Bond on road to competitive rally drive

Bond on road to competitive rally drive


"The car is in one piece, so that’s a good start."

As far as an opening gambit goes, Hamish Bond was pretty happy with that.

The triple Olympic gold medallist will make his rallying debut at next year’s Otago Rally as a guest driver.

He had his first practice session in Christchurch yesterday and did not break anything.

The Magnum Motorsport team pleased about that too, he added.

"They didn’t really want to be doing any panel-beating.

The New Zealand and Otago rowing great described himself as a "complete novice".

His driving experience is more Driving Miss Daisy than The Dukes of Hazzard.

"This is the first time I’ve driven a car off-road with any intent. It is virgin territory."

Bond will be racing in the classic category in a 1998 Subaru Impreza.

The vehicle has a top speed of more than 200kmh but the last thing Bond will be doing is looking at the speedo when he is on a gravel road.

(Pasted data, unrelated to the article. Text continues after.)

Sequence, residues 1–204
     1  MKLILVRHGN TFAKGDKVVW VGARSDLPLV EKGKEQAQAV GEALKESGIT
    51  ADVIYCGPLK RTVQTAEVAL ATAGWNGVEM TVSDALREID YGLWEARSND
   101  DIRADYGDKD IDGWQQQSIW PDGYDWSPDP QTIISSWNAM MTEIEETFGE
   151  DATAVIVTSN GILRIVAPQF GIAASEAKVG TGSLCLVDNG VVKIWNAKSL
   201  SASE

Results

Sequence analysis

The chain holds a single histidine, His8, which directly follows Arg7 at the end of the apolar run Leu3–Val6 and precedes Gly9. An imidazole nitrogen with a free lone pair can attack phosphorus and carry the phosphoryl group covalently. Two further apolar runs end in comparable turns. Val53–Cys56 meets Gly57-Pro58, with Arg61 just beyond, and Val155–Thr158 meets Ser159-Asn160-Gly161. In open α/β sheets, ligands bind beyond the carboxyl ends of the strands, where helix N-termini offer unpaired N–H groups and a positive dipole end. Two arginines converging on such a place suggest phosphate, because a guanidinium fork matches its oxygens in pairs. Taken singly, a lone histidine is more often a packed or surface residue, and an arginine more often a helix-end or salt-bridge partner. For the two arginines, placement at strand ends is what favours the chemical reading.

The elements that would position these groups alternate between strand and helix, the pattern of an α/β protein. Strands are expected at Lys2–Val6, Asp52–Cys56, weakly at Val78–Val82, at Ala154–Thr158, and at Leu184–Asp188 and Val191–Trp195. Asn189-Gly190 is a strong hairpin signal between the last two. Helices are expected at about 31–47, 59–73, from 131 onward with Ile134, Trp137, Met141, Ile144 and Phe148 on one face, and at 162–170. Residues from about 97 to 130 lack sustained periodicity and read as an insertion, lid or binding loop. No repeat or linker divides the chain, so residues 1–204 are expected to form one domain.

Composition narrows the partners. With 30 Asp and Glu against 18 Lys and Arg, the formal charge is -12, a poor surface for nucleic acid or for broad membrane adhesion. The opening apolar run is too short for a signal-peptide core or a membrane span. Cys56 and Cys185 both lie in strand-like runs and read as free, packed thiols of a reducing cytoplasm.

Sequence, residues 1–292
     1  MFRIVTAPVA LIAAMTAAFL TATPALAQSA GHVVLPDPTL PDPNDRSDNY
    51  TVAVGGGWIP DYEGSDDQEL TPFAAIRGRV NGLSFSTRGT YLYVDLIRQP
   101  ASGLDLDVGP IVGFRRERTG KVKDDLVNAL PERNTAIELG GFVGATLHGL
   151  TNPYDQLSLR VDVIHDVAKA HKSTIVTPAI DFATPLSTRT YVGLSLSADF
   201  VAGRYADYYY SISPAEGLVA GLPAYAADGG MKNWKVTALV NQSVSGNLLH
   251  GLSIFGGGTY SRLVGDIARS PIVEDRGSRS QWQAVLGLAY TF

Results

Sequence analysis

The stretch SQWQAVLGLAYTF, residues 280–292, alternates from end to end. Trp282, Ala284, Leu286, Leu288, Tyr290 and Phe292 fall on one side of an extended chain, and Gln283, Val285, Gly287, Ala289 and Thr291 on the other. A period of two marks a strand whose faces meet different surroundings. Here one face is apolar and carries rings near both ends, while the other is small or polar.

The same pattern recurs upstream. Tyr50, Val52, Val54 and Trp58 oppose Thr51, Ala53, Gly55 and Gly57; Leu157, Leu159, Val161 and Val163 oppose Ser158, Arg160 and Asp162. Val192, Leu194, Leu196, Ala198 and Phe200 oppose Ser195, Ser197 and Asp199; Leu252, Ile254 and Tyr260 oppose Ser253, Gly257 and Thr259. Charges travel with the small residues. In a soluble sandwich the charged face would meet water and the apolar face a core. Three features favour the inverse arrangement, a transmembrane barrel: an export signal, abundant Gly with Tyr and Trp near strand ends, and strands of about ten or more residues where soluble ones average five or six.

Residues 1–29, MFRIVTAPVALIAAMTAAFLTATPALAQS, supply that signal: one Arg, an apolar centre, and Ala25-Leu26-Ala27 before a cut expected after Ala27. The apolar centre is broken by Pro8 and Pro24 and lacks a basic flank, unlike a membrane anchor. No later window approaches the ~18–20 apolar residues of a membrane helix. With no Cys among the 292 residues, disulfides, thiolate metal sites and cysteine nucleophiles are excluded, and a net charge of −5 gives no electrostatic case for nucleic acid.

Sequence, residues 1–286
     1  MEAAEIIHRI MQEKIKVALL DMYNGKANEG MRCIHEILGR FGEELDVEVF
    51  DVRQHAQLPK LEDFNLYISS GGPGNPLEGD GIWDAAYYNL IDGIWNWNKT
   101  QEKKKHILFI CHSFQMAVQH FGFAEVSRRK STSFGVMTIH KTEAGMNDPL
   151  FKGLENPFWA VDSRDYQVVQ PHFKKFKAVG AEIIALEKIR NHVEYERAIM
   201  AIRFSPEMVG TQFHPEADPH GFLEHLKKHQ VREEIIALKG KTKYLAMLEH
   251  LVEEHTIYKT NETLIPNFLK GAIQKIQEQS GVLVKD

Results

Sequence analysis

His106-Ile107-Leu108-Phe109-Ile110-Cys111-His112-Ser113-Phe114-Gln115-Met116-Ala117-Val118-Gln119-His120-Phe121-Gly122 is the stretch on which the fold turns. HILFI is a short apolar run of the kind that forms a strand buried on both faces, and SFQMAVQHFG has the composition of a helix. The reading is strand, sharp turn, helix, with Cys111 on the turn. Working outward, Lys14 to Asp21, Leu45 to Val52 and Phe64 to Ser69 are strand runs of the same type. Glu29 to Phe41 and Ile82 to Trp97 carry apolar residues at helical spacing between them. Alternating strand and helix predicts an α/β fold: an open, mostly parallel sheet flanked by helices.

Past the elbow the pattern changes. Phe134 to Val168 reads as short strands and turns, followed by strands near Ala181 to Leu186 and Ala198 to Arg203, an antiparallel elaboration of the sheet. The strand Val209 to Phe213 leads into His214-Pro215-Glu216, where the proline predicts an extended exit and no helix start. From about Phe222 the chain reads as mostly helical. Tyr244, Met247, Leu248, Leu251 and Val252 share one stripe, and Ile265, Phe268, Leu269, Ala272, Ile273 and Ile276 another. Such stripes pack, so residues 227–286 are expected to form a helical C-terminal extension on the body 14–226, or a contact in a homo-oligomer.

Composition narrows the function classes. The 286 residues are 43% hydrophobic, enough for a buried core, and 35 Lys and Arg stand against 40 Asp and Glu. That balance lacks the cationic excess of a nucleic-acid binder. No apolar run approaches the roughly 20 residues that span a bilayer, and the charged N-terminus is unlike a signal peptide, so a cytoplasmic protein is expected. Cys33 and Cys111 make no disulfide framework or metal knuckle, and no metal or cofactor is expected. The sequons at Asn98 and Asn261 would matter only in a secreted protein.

"You have to be looking at what is in front of you and what is coming up."

That sounds like a good idea. It is also a change for Bond, who has spent most of his career facing backwards.

He teamed with Eric Murray to win back-to-back gold medals in the pair at the London and Rio Games.

Bond then switched to cycling and won a bronze medal at the 2018 Commonwealth Games in the men’s time trial before returning to rowing and helping the eight-win gold at the Tokyo Games this year.

"I guess I just got tired providing my own horsepower and thought it was time to swap out and get an engine."

Jokes aside, Bond is not planning another career switch.

While he has not made his mind up on whether he will return to rowing and make a bid for a fourth Olympic gold medal, his rallying career is likely to be brief.

His only goal is to complete the rally, embrace the experience and enjoy visiting

the area he hails from.

"It is purely about the experience, meeting people and getting to my hometown. I have no expectation of performing well.

"Just getting from the start to the finish is fine.

"If I’m three hours behind, so be it, so long as I enjoy the process."

The Otago Rally, which will run from April 8-10, begins with a ceremonial start in the Octagon.

- Adrian Seconi. Photo: Euan Cameron